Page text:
• Ensure they are getting enough sleep: this is a big one. During the school holidays we can tend to be a bit flexible on bedtimes and routines as children can sleep in during the mornings unless they have to be up for school holiday programs. There are a lot of kids that have very late bedtimes and also struggle to fall asleep as easily due to the fact that they are not being as stimulated during the day. Take a mental note yourself on what time your child is going to bed, and what time they would normally be going to be bed during the school term. If there is a large discrepancy in that time, then make a plan to slowly bring it back to the ideal sleep time over the next week.
    You can start by getting them to bed 15-20mins early each night without them noticing and explain that it’s fine if they’re not tired, they can read in bed or just lay there and rest. The important thing is that they are in bed, relaxing and winding down at a better time each night. This will help make their moods less extreme and therefore hopefully reduce the anxiety about returning to school. We all know how important a good nights sleep is and how much better you feel after you’ve had enough sleep!
  • Do not dismiss their fears: I know that I can be guilty of this one myself sometimes, as it’s easy to be dismissive of the things that they may be afraid of when they’re heading back to school. Saying things like “don’t be silly of course you’ll make new friends” or “stop being so upset you have nothing to be worried about, you’ll love it when you’re there” are actually not very helpful to someone that’s feeling really stressed. Instead it makes them feel like they need to dig their heels in and plead their case to you on why things indeed ARE as bad as what they think!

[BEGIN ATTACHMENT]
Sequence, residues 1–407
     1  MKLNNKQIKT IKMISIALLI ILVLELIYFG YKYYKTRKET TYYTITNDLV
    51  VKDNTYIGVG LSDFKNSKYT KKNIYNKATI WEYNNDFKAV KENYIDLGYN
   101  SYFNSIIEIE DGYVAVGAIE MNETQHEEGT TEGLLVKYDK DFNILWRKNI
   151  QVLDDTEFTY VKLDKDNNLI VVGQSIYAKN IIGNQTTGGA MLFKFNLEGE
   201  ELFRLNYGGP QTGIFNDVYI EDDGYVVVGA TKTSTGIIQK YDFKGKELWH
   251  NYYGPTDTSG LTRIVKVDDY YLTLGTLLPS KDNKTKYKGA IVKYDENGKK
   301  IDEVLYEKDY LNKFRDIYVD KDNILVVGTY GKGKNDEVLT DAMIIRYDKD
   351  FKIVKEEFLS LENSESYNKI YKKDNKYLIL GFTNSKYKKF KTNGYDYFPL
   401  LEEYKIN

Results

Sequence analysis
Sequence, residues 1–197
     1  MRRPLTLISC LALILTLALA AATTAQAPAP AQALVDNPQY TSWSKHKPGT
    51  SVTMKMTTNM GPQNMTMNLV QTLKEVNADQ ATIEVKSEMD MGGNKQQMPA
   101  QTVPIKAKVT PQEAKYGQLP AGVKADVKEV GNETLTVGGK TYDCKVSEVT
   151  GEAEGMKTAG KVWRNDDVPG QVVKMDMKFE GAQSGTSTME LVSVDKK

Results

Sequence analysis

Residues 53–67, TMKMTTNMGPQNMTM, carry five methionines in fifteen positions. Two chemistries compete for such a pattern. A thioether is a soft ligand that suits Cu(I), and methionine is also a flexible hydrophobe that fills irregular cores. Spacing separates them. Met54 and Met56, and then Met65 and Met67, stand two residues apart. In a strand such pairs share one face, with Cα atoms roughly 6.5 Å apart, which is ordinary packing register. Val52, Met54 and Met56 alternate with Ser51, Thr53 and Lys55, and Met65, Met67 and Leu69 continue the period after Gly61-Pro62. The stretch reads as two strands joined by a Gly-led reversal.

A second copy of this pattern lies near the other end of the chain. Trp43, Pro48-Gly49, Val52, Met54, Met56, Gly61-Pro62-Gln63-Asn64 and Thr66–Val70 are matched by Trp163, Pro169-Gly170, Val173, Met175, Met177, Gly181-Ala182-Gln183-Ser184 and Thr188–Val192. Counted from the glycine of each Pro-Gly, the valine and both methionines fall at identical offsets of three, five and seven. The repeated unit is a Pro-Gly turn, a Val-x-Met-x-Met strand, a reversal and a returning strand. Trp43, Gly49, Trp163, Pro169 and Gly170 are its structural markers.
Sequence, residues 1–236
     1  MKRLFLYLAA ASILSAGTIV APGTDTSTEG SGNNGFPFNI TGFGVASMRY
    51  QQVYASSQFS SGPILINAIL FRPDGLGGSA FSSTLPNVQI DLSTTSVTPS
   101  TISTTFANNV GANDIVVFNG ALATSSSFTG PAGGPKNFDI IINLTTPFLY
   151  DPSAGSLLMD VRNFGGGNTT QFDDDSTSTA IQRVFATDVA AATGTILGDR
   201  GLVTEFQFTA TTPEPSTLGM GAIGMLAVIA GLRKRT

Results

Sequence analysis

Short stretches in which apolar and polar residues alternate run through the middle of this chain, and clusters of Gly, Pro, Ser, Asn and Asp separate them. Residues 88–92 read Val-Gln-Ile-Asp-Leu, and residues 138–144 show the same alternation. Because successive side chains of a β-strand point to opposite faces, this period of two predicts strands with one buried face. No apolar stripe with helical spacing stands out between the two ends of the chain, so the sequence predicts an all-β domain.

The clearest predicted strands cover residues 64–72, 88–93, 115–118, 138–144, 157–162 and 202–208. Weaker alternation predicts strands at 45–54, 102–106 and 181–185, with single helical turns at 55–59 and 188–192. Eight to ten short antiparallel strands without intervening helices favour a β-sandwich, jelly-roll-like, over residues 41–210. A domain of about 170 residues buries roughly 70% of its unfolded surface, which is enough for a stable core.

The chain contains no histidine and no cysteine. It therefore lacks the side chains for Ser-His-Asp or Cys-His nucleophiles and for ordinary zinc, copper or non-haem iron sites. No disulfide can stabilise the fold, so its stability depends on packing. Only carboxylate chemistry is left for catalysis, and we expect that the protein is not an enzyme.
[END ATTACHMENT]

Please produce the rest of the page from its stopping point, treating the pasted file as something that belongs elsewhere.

Another thing to try when you’re in this situation is to help them work through what they are afraid of, tackle it head on with them and get them to reason out the logic behind their fears, for example if they are afraid they won’t make friends you could ask them have they ever made new friends before (assuming they have) and how did they make those friends? If you’re in a position where they are not great at making friends you could ask them how they think they could speak to someone they don’t know yet, discussing prompting questions they could use like “what did you do on your holidays?” or “who do you go for in the AFL/Basketball?” etc these kind of discussions can help to give them some tools to use.
  • Visit the school or friends: if they are primary school aged children you can take them down to school and let them have a play on the playground, even for high schoolers making a subtle drive past their high school would be a great way to get them familiar with their environment again. If you’re local to the school then perhaps go for a walk and walk around where the school is, or shop at the shopping centre that’s near there. Anything to get them familiar with seeing school again will be helpful in reducing their anxiety levels.